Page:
Top Chef: Boston, Episode 1

TOP CHEF: 12.01: “Sudden Death”

As I mentioned the other day, I’m very happy to see Top Chef return to the tube, not only because it’s my favorite reality show (albeit, perhaps also the only one I watch), and not because I’ve been watching it since the second (or third, I forget) season, but also because this year it’s set in the Boston area, the region that I currently call home.

It was exciting to see places I’ve been on the show, even if they didn’t throw in too much local color in the first episode. The most we saw, really, was the Whole Foods (which I think is in the Fenway?) and the “Top Chef Food Festival” at the Museum of Science; we didn’t even see the house the chefs will be staying in yet. But I’ll say, the guest list at the Museum was pretty impressive, full of Boston culinary superstars like Barbara Lynch, Ming Tsai, Jasper White, Jamie Bissonnette, Todd English, and others.

This early in the competition, it’s tough to get a sense of all the chefs because the field is so big. Right now, I’ll be rooting for the Boston girl (I forget her name, but she’s from Regal Beagle in Brookline; unfortunately, I think I moved out of that neighborhood before it opened so I’ve never been). I have to feel for George, who got eliminated in the new-look Elimination Quickfire (which I’m not sure I like; it seems too abrupt), and who seemed like an earnest and likeable sort of guy. I also like Joy, who’s pretty humble and self-effacing, but who I suspect has some serious skills regardless, at least judging by the response to her food in the elimination. She didn’t make it in the top, but her simple grits, greens, and crispy chicken skin looked really good. Least likeable is Adam, who not only comes off as incredibly arrogant but also disgustingly retrograde when he refers to Keriann as a “beautiful blonde thoroughbred”; sure, she’s good looking, but comparing her to a race horse is thoughtless at best and misogynistic at worst and immediately left a bad taste in my mouth. Also in the running for early villain is Aaron (I think that’s his name), who comes across as completely full of himself and totally dismissive of his competition, despite the fact that he serves such a fatty piece of pork to Padma that she spits it out in front of him and tells him to get his shit together, though in a slightly nicer tone; he tends to wear a black hat (appropriate) in his face-to-face interviews, so I think I’ll be calling him DoucheHat from now on. Katsuji has an interesting backstory (Japanese, Kosher, and Mexican all together?) but his “petroleum shrimp” looked bizarre, and based on the reactions of the judges, it probably tasted bizarre too; I’d avoid adding the word “petroleum” to anything edible. Katie’s broccoli dish sounded like a bad idea from the start, and it was. Too simple, and ugly to look at.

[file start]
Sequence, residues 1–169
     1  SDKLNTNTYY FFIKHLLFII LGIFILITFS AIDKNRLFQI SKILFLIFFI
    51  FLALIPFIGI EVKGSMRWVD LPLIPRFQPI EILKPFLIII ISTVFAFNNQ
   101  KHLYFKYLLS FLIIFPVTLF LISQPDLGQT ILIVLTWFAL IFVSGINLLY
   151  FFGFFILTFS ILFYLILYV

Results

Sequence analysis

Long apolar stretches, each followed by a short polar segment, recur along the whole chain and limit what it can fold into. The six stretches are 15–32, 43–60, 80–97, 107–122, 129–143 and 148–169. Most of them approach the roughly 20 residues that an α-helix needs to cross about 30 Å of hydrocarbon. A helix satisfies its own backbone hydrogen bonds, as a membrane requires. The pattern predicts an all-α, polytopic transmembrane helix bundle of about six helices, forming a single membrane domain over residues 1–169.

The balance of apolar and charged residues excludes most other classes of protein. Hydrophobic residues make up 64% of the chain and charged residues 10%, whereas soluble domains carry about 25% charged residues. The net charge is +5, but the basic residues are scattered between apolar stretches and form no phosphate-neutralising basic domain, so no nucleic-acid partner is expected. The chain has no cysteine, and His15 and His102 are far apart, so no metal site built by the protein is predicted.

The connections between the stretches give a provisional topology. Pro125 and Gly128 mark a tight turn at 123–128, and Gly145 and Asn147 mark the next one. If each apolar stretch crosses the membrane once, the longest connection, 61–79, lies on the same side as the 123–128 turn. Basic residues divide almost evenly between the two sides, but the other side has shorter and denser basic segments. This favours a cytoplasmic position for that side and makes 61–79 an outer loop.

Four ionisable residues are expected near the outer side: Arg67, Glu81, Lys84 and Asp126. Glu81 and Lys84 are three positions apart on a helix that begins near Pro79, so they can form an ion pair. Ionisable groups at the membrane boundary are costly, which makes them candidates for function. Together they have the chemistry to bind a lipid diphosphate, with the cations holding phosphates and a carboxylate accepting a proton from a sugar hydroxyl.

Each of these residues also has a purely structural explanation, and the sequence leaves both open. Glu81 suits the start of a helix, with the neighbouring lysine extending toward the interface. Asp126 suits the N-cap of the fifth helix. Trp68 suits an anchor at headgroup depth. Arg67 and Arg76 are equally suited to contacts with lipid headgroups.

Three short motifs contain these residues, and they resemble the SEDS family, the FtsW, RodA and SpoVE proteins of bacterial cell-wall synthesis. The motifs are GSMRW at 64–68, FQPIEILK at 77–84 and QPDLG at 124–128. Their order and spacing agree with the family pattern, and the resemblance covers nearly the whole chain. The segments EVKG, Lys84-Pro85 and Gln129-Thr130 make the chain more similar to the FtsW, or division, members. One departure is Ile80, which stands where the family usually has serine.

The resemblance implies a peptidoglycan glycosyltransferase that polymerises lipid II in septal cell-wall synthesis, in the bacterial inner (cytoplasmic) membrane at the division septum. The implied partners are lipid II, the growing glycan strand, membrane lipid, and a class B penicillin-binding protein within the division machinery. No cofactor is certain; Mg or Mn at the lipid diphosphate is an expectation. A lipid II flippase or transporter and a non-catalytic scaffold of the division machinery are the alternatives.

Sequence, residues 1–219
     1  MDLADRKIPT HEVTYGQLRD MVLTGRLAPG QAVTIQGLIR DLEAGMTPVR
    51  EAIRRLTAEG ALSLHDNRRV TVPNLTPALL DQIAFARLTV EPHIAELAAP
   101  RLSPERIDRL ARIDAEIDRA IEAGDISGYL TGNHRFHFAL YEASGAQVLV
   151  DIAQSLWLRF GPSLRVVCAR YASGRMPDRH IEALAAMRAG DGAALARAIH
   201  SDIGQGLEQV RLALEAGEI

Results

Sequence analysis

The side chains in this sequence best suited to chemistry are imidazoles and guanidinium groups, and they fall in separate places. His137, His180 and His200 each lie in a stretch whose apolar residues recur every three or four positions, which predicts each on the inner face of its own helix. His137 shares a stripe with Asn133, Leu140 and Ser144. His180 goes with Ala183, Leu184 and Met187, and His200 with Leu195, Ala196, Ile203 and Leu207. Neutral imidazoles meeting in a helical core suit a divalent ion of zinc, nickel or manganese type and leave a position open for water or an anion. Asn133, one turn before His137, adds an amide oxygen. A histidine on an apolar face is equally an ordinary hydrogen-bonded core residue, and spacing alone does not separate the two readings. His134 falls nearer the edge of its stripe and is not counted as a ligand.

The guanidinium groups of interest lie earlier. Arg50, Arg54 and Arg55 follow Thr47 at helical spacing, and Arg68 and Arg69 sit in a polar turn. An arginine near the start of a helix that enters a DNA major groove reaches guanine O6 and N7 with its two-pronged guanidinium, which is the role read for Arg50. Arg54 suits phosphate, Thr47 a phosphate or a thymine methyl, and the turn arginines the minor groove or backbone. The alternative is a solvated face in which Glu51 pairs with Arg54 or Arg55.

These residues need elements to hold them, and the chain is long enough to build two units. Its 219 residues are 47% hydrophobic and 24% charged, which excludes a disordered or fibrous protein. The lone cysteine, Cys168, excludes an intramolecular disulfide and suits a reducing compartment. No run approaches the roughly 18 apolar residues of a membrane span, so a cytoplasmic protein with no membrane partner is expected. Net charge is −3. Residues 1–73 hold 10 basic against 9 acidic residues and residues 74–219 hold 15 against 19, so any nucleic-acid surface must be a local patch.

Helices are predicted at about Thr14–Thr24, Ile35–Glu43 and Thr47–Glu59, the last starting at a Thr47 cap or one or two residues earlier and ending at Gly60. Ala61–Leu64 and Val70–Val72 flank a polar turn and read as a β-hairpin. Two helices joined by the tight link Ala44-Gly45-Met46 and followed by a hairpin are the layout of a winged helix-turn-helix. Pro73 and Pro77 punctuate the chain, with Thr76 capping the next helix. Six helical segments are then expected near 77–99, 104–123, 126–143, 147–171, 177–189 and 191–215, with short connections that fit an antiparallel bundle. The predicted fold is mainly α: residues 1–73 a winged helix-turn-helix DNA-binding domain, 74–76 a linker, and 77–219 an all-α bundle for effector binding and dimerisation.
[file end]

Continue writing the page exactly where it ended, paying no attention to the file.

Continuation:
When it gets down to judging, it looks like this year all the chefs are going to be called into the same room at once, and they’ll all get to hear who succeed, who failed, and why. I like this approach a lot better than last year, when they simply piped the judge deliberations into the waiting room via TV. Mei wins, for making some kind of traditional rice porridge, and Michael goes home for putting fish eggs in a cold soup (eww). I have to say, I love that two-time former contestant and one-time winner Richard Blais is back as a judge. I hope he’s around for most of the season; he was my favorite competitor in both of the seasons he was in, and I like seeing him on the other side of the table. He gave some pointed criticisms to a few folks (in particular he was critical of some of the molecular gastronomy approaches that he was known for during his time on the show), but I wonder if he went a little easier on the chefs in general, since he’s been there before and knows what it’s like.

Anyway, it’s great that the show is back, and I can’t wait to see more locations around Boston. As I said above, it’s a bit too early to get a sense of the strongest and weakest links, and all the personalities, but I’m looking forward to trying to figure it all out in the upcoming episodes.

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